Rhopalosiphum padi L Birdcherry aphid

The bird-cherry aphid is an often common pest of cereals, including barley, oats and wheat. In mild regions (including southwest England), where populations survive the winter on these secondary hosts, the aphids are particularly important as vectors of barley yellow dwarf virus (BYDV). Early-sown winter cereals are most at risk from aphids migrating into them in September and October from grasses and cereal stubble. Direct damage to crops in summer is rarely of significance, although the aphids may cause stunting and discoloration of foliage. In some years, heavy infestations develop during the late summer on maize and sweet corn. The aphids often then occur beneath leaves shielding the developing cobs, and affected tissue becomes soiled by sticky honeydew and blackened by sooty moulds.

BIOLOGY

This often abundant species occurs on grasses and cereals. Under mild conditions, it overwinters parthenogenetically on these secondary hosts. Overwintering aphids on autumn-sown cereals and grasses usually occur on the shoots, just below the soil surface. Other populations overwinter in the egg stage on Prunus padus, the primary host, these eggs being deposited from September to November. Spring colonies on Prunus occur from April onwards, and culminate in the production of winged forms which migrate to cereals and grasses in May and early June. Aphids on Poaceae in summer occur mainly on the lower leaves but, if numerous, may become established on other aerial parts of the plants. On oats, and also on maize and sweet corn, the aphids often feed within the shelter of the leaf sheaths.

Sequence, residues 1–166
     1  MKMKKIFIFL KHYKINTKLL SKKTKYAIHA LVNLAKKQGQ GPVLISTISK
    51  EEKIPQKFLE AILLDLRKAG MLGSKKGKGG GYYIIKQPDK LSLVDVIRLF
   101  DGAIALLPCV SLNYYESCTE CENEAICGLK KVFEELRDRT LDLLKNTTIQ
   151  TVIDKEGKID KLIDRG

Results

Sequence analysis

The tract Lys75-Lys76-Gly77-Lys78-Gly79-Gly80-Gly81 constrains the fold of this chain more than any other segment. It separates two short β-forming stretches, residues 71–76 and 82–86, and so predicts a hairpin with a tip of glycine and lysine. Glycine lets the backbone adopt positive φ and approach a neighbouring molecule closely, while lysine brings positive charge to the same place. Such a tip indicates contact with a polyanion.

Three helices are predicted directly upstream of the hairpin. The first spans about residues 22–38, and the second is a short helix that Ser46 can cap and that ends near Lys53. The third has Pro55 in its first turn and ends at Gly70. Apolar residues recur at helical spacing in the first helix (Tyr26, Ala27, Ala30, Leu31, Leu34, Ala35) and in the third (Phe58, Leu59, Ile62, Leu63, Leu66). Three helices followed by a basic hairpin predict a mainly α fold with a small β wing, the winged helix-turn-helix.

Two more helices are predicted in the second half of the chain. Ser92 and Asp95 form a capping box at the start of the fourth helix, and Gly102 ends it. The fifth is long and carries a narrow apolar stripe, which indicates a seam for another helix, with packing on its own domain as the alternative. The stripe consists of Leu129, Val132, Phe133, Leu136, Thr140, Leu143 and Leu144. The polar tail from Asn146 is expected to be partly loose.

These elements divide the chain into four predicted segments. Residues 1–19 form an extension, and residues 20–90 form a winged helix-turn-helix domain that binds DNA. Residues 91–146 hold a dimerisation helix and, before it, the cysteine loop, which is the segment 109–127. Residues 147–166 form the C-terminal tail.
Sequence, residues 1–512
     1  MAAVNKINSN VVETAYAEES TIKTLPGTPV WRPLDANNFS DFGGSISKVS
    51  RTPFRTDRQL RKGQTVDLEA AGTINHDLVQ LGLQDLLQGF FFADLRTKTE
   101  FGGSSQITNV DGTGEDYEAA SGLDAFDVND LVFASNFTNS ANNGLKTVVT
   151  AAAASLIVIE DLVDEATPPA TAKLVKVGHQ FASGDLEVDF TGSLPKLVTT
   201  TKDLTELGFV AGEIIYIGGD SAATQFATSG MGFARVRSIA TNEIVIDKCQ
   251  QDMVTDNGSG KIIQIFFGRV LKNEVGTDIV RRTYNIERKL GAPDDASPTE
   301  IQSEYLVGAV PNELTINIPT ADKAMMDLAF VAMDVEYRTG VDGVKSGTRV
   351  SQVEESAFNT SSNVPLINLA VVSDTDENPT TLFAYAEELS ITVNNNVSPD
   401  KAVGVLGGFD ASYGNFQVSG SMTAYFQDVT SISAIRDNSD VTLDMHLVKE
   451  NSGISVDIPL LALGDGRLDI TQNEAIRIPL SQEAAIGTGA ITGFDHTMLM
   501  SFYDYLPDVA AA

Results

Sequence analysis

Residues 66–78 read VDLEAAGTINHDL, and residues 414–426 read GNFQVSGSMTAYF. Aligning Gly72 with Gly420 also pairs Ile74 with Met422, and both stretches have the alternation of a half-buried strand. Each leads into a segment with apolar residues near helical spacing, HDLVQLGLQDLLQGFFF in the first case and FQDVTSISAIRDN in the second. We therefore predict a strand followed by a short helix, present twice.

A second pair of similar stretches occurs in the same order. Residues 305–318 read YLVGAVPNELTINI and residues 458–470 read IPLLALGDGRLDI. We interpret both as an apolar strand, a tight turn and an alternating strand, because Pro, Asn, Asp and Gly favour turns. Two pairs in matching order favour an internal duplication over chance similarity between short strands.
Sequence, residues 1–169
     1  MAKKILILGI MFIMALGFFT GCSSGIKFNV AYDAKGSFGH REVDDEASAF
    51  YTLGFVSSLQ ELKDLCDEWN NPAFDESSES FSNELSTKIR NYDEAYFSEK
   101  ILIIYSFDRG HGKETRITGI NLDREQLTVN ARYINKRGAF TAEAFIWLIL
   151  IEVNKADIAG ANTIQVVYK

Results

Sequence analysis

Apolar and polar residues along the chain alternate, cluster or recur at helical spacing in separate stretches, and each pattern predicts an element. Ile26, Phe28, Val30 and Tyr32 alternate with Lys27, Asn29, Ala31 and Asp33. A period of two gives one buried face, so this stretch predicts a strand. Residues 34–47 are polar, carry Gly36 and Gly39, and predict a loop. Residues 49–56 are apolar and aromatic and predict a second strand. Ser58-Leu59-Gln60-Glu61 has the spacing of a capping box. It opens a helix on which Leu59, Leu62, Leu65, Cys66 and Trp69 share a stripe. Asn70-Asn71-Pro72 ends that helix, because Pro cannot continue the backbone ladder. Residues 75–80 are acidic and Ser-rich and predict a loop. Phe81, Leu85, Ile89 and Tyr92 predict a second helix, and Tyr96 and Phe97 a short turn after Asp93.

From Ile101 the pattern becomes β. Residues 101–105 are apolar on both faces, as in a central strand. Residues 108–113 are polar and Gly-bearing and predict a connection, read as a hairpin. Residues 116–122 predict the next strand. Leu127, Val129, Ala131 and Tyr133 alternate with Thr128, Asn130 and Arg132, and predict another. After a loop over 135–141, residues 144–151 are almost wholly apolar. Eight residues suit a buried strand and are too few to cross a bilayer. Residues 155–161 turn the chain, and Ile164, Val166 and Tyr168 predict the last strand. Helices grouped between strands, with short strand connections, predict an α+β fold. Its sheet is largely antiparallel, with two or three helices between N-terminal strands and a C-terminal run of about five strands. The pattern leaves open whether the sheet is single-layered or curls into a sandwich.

DESCRIPTION

Aptera 2mm long; body rather plump, brownish-green to olive-green, with a conspicuous rusty-red patch around the base of each siphunculus and near the base of the cauda; antennae short; siphunculi pale, flanged apically and slightly tapered; cauda elongate and tapered (Fig. 193b); front of head with lateral prominences slightly higher than the median bulge (Fig. 189h).

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